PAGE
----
Now for the details on what to put in your kit. If you ask 20 survival experts what should go into a survival kit, you may get 20 different lists. One reason is that not all survival experts have the same background or experience. Experience is one of the greatest influences on what goes into a kit. But if you have no experience, or not a great deal of it, you still need to start somewhere. So, in order to decide what items to put into a kit, let’s break down the needs of someone in a survival situation.

Personal Survival Suits 1The needs will focus on five basic headings: cutting tool, combustion device, cover/shelter, container and cordage. These headings have been taken from Dave Canterbury, author of Survivability For The Common Man. Dave refers to them as the 5 C’s of survival. In his book, he goes into detail about the system he’s developed, which is comprised of the 10 C’s of survival. In my opinion, this is the simplest, yet most effective system available today for helping people develop their own survival kits. Let’s go over quickly the 5 C’s of survival.

1. Cutting Tool. The most important external tool you can carry in a survival situation is a knife. Even a small pocket style knife is handy to have. It is an essential tool. Even on short hiking trips, I always make a point of carrying a knife. Many times, I’ve met hikers who don’t carry a knife with them and even make light of needing a knife. It’s these same people who ask to borrow my knife for whatever reason. I can’t remember how many times this has happened.

2. Combustion Device. After a knife, the means to start fire is the next most essential item to carry, even above shelter. A shelter can be fashioned with outdoor materials, even in the most crude fashion, and still be a life-saver. When faced with a survival situation, when you need to start a fire, then you must have a dependable means to start a fire. If the ground and all fire-starting materials around you are wet, then using the bow drill fire method will do you no good. You must have sure fire. Carrying a ferrocerium rod, along with some tinder, such as cotton balls or jute twine, will help you get a fire started to the point where you can dry out other materials to continue that fire. In some cases, a fire may be all you need to stave off the cold.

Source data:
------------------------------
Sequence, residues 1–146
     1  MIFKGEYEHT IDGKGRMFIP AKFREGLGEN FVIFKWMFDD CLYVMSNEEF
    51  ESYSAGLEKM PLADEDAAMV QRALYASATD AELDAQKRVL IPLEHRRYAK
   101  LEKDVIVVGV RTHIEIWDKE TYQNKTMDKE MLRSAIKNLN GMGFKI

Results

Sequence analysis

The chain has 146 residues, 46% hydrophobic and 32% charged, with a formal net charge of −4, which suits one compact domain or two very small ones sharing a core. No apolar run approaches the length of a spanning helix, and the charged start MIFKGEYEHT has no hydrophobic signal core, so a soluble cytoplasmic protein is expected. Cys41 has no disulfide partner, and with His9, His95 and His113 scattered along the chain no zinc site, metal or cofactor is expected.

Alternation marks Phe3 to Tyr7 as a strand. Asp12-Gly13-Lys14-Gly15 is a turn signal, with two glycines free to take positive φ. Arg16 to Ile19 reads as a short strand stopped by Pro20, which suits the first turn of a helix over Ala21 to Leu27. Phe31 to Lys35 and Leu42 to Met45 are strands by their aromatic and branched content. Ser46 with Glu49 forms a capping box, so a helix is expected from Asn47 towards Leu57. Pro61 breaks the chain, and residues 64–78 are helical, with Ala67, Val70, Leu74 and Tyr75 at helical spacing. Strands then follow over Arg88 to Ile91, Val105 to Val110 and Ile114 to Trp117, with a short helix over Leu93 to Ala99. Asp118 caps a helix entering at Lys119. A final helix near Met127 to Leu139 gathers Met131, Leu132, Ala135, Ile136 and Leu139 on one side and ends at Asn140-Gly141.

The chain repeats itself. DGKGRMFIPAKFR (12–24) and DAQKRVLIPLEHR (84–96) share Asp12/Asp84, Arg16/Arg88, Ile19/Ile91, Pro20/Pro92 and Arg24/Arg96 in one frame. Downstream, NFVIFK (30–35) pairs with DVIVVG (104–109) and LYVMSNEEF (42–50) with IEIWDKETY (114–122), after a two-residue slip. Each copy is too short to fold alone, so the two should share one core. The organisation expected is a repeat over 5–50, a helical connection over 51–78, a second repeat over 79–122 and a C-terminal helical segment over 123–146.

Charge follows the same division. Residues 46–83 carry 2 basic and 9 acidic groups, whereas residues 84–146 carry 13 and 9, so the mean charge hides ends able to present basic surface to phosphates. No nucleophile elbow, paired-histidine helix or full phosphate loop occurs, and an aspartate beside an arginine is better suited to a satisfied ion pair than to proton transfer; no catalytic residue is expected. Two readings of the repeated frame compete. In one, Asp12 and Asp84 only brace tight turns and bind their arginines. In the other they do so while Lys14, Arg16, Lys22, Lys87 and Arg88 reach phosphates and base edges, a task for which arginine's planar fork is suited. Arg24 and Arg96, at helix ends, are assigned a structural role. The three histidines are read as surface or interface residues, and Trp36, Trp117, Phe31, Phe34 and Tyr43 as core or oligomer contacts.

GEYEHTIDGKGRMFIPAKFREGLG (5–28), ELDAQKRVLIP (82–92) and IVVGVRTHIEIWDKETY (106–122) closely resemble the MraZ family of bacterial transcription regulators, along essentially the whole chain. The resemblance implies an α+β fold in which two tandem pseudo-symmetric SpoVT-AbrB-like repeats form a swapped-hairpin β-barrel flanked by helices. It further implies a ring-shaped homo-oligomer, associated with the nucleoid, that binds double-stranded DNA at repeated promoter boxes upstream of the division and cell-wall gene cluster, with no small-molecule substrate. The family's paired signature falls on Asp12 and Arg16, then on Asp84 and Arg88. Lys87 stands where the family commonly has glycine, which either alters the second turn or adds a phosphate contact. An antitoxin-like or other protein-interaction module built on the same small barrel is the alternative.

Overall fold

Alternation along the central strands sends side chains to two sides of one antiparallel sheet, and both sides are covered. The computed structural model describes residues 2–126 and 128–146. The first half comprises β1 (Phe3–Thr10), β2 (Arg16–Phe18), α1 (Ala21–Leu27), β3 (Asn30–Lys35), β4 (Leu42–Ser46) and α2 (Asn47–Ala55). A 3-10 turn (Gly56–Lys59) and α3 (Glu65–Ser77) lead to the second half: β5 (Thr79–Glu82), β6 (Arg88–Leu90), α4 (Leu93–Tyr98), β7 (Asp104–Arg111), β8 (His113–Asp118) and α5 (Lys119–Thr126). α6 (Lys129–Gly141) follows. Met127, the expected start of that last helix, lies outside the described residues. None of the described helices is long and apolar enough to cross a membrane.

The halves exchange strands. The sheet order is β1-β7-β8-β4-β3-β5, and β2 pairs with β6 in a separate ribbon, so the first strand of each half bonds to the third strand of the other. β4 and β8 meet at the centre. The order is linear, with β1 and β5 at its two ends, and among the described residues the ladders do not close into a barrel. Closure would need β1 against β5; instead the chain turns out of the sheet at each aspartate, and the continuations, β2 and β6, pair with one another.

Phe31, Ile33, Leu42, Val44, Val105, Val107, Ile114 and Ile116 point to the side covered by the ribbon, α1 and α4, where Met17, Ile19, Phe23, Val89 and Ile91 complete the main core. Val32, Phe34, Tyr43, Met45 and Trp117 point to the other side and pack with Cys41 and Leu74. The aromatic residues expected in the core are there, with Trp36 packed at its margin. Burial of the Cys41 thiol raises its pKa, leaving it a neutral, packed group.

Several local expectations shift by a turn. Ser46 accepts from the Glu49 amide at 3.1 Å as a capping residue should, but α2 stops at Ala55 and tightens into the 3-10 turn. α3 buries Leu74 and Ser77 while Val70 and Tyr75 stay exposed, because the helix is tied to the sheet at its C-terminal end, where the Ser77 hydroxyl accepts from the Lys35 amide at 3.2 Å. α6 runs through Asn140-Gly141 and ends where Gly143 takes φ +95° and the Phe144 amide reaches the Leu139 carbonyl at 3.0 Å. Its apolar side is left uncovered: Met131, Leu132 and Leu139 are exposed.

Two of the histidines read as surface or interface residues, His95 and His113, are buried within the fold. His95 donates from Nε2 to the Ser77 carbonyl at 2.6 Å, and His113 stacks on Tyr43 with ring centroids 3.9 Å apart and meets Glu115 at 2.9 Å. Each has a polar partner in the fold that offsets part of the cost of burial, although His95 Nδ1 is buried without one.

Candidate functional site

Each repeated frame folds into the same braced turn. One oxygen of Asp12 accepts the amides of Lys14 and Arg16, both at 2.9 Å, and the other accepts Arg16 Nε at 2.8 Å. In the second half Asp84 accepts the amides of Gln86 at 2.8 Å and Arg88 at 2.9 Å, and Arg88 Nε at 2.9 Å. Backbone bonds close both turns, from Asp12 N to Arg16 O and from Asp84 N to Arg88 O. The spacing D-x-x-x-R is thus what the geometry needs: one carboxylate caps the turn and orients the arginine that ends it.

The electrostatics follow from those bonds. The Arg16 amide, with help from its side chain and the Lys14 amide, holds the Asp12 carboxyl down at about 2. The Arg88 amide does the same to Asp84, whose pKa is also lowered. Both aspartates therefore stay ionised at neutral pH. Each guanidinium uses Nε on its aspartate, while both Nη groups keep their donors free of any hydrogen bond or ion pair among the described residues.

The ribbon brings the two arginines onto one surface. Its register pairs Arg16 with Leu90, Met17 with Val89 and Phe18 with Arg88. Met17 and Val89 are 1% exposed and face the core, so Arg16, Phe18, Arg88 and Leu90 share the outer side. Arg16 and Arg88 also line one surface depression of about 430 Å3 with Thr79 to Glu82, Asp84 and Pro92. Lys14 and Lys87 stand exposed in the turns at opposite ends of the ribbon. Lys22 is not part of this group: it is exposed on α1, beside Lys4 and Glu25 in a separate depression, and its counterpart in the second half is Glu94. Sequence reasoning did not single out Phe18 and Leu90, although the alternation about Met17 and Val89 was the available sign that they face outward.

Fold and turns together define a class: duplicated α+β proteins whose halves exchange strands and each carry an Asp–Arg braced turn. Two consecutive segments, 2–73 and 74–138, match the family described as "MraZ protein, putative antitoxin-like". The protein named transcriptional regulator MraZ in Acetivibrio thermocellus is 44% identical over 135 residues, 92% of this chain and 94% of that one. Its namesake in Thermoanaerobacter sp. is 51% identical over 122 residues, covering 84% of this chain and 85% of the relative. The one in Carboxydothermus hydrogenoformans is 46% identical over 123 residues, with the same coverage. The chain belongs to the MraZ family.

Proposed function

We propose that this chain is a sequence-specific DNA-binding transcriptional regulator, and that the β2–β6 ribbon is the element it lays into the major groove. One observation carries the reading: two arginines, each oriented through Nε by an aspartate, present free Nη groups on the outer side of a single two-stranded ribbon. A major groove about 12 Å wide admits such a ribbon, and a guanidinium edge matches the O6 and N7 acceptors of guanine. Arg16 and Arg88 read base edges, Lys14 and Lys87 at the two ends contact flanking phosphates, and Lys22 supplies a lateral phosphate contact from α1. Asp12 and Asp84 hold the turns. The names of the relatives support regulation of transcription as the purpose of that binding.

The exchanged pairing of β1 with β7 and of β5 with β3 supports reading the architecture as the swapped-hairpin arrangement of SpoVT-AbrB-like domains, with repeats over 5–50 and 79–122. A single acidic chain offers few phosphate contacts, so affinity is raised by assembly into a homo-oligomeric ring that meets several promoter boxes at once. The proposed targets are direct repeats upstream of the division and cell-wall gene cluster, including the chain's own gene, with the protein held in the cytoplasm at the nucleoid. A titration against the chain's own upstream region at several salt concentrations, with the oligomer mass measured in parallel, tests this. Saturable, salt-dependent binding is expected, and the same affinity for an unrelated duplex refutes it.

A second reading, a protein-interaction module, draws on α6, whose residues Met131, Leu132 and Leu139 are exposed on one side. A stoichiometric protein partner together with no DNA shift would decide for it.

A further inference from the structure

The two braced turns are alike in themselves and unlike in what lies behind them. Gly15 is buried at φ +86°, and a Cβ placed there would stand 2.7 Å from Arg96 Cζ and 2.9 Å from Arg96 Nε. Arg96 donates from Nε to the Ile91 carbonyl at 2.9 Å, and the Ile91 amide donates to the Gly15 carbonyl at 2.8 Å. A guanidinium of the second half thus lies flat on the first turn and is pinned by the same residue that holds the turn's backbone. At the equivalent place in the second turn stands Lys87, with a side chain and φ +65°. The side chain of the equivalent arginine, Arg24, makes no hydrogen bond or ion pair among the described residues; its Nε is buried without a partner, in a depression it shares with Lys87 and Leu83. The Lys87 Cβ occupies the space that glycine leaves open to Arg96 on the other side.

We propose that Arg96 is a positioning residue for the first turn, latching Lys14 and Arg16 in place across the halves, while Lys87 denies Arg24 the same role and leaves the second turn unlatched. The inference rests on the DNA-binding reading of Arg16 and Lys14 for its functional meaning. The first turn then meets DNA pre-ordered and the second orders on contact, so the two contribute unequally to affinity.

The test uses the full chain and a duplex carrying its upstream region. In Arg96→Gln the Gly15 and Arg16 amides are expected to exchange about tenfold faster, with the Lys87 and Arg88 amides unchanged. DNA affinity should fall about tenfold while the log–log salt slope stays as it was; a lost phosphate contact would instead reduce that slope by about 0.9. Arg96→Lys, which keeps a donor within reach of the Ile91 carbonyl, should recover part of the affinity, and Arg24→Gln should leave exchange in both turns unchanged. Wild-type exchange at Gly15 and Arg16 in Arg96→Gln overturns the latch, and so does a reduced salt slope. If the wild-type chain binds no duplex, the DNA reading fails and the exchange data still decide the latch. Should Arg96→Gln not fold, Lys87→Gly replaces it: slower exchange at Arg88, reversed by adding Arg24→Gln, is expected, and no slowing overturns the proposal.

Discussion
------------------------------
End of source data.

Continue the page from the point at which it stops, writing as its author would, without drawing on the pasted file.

3. Cover/Shelter. Your first line of defense against the elements; cold, heat, rain and snow; is the clothes you are wearing. An inexpensive poncho or drum liner can be carried in your mini kit and used as a make-shift shelter or sleeping bag.

4. Container. In order to collect water for drinking, as well as for boiling and cooking, you need a dependable container. In order to boil water in it, your container needs to be metal. In a survival scenario, it is possible to boil or heat water in a plastic container to make it safe for drinking. This action should only be used when your life is on the line. Heating plastic to high temperatures releases harmful toxins.

5. Cordage. In many instances where you need to build a natural shelter, cordage is a necessity. The ability to make a structure stable is something that cordage can provide. Rope, paracord or some type of twine can be used for countless chores and is a valuable item to have in your kit.